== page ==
Whenever a sore throat lasts longer than the five- to ten-day duration of a cold or flu, and is not associated with an avoidable allergy or irritation, you should seek medical attention. The following signs and symptoms should alert you to see your healthcare provider:
- Severe and prolonged sore throat
- Difficulty breathing
- Difficulty swallowing
- Difficulty opening the mouth
- Swelling of the face or neck
- Joint pain
- Fever (over 101°F)
- Blood in saliva or phlegm
- Frequently recurring sore throat
- Lump in neck
- Hoarseness lasting over two weeks
Here are some common illnesses that trigger a store throat.
- Your tonsils are located at the back of your mouth on each side of your throat. Tonsillitis is when the tonsils become infected by bacteria or a virus. It causes the tonsils to swell and can cause a sore throat and other symptoms. Signs of strep throat and tonsillitis are often alike.
- Strep throat is caused by a type of bacteria called streptococcus. The pain of strep throat often feels much like a sore throat caused by other bacteria or by viruses. If strep throat isn’t treated it can sometimes result in kidney inflammation or rheumatic fever. Rheumatic fever can lead to a rash, inflamed joints and, in severe cases, damage to the valves of the heart.
- Mononucleosis (mono) is a viral infection caused by the Epstein-Barr virus. One of the main signs of mono is a sore throat that may last for one to four weeks. Other symptoms include large swollen glands in the neck and armpits, fever, headache and feeling tired.
Your healthcare provider may do a rapid strep test, a throat culture or both. A rapid strep test will give results fast (usually within about 15 minutes). But the test won’t tell if your sore throat is caused by a bacterium other than Streptococcus
or if it’s caused by a virus. A throat culture takes longer (between 24 and 48 hours), but it’s more accurate. If your healthcare provider thinks you may have mono, he or she will probably do a blood test.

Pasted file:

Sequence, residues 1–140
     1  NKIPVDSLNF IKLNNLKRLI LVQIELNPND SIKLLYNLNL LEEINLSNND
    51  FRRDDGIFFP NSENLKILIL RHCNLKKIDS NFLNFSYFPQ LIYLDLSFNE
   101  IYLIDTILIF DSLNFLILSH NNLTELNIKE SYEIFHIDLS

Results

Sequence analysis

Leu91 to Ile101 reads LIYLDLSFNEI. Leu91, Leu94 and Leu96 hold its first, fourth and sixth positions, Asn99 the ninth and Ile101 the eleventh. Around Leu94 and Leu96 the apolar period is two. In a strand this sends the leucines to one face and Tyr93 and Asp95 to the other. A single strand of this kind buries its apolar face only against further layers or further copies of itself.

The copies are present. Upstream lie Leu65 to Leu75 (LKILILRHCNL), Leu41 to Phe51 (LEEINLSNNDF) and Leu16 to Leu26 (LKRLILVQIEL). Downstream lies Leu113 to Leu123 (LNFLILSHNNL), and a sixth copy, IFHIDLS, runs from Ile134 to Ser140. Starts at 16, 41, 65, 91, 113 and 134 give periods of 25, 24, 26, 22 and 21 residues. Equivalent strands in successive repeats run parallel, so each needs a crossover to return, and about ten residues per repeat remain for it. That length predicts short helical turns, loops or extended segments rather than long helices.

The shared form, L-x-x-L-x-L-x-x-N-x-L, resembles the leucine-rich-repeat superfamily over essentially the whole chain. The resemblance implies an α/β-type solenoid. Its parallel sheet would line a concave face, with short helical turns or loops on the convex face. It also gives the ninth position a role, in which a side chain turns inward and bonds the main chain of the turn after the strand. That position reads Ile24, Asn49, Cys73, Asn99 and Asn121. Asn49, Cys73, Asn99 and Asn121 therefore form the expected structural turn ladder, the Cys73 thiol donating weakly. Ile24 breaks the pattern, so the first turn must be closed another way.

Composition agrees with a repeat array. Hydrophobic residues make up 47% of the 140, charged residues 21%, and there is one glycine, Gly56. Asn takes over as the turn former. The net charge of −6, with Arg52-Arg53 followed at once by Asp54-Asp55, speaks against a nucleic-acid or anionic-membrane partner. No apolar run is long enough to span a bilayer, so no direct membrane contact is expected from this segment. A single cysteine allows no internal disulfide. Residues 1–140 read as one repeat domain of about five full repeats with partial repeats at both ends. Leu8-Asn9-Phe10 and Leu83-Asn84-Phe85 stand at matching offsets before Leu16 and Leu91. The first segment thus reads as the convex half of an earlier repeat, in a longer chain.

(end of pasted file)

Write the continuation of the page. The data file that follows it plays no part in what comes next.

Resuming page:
If your sore throat is caused by bacteria, you may be prescribed an antibiotic. You will most likely begin to feel better in a few days, but it is very important to take all the antibiotics. This reduces the risk that your sore throat will return
and also helps prevent antibiotic resistance.
Antibiotics don’t work against viruses. Infections caused by viruses usually just have to run their course. Most symptoms caused by a cold or flu-type virus go away in a week to 10 days. Symptoms caused by mono can last for four weeks or more. If you have mono, your health care provider will probably suggest that you get plenty of rest and that you avoid exercising too hard.
If a sore throat is a symptom of hay fever or another allergy, your provider can help you figure out how to avoid the things that trigger allergy flare up. You may also need to take medicine for your allergies.
The best ways to avoid catching or passing the viruses and bacteria that can lead to a sore throat are to wash your hands regularly, avoid touching your eyes or mouth and cover your mouth when coughing or sneezing.
When your symptoms lead to more than a sore throat, it’s best to get it checked out. You’ll be on the road to recovery and will avoid getting others sick.